Asbestos companies depicted as greedy by plaintiffs The firms knew of the perils of asbestos, trial told.

March 11, 1992|By Alisa Samuels | Alisa Samuels,Staff Writer

The 13 asbestos manufacturers who are defendants in the nation's largest asbestos trial knew their products were toxic to workers, but covered up the danger out of greed, attorneys for the plaintiffs said in opening statements yesterday at a trial in Baltimore Circuit Court.

"We will prove to you that the manufacturers decided profits were more important than the health of human beings," attorney Peter G. Angelos told the jury. Mr. Angelos represents the majority of the nearly 8,600 plaintiffs.

Most of the plaintiffs worked for 25 to 40 years in Maryland steel mills and shipyards where they were exposed to asbestos and developed asbestos-related illnesses, Mr. Angelos said.

The diseases were "preventable," Ronald L. Motley, another attorney for the plaintiffs, said in his opening statement.

Mr. Motley said top-level officials at the companies were aware of the dangers because of studies, doctors' testimonies and lawsuits filed by their own employees.

But instead of publicizing the health risks, Owen-Corning Fiberglass Corp., for example, described its asbestos material, Kaylo, as "non-toxic," Mr. Motley said.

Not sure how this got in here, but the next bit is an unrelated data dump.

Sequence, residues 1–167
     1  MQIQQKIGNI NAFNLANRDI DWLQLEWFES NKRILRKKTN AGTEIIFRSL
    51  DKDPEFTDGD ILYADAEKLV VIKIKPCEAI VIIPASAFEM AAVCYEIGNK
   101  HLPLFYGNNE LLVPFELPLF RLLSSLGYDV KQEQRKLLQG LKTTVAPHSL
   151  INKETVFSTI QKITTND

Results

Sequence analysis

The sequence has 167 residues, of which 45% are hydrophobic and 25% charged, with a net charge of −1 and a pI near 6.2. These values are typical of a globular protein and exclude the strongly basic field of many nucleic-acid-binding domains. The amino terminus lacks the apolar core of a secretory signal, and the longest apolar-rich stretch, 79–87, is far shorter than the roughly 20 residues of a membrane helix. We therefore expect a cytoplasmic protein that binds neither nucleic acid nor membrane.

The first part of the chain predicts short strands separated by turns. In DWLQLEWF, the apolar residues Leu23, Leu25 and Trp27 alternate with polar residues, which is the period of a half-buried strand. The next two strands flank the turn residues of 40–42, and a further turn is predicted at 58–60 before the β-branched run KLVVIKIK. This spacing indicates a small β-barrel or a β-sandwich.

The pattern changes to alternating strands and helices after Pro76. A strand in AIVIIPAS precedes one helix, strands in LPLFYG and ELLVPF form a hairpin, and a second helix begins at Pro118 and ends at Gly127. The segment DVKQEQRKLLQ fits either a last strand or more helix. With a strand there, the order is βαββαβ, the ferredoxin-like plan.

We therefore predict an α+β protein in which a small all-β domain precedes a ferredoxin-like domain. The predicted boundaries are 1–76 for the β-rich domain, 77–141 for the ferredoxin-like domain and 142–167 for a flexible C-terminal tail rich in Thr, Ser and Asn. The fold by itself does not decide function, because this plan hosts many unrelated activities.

"If this is not malicious, evil-motivated, unconscionable, punishable conduct, I don't know what is," he said.

"How many people have got to die before they take a product off the market?" Mr. Motley asked.

Heavy exposure to asbestos fibers has been linked to cancer and asbestosis, a crippling lung disease.

The jury will have to decide whether the products were defective and if the companies knew it. The jurors will be asked to return compensatory damages, and if they finds the defendants negligent and liable, they will be asked to return punitive damages.

The plaintiffs' attorneys will finish their opening statements today and attorneys for the defendants will begin theirs.

Each side will have two months to present its case during the trial.

Only six cases will be tried. They involve men who developed lung cancer, asbestosis or mesothelioma.

The six are Ira Russell, 69; Lawrence Leaf, 62; Thomas Godwin, 78; Leggette McNeil, 73; Paul Cannamuchio, 64; and William Kawal, 64.

Mr. Russell and Mr. Leaf are dead. Mr. McNeil is on a respirator at Union Memorial Hospital.

The other three sat in the packed courtroom with their families.

Peter Nicholl, an attorney for Mr. Cannamuchio, said his client will testify that his work site was inundated with asbestos fibers.

"He'll tell you it looked like it was snowing inside," Mr. Nicholl said.

The plaintiffs' attorneys told the jury that the defendants will say they didn't know about the dangers.

Mr. Angelos said that is no defense because the companies were obligated to conduct tests and find out.

Last week, one defendant, Fibreboard Corp., reached out-of-court settlements with all the plaintiffs.

Another defendant, Owens-Illinois, settled with all but 200 to 300 plaintiffs. The details of the settlements weren't disclosed.

The other defendants are AC&S Inc.; Armstrong World Industries Inc.; GAF Corp.; National Gypsum Co.; Keene Corp.; MCIC; Owens-Corning; Pittsburgh Corning Corp.; Porter-Hayden Co.; Quigley Co.; U.S. Gypsum Co.; and W.R. Grace & Co.

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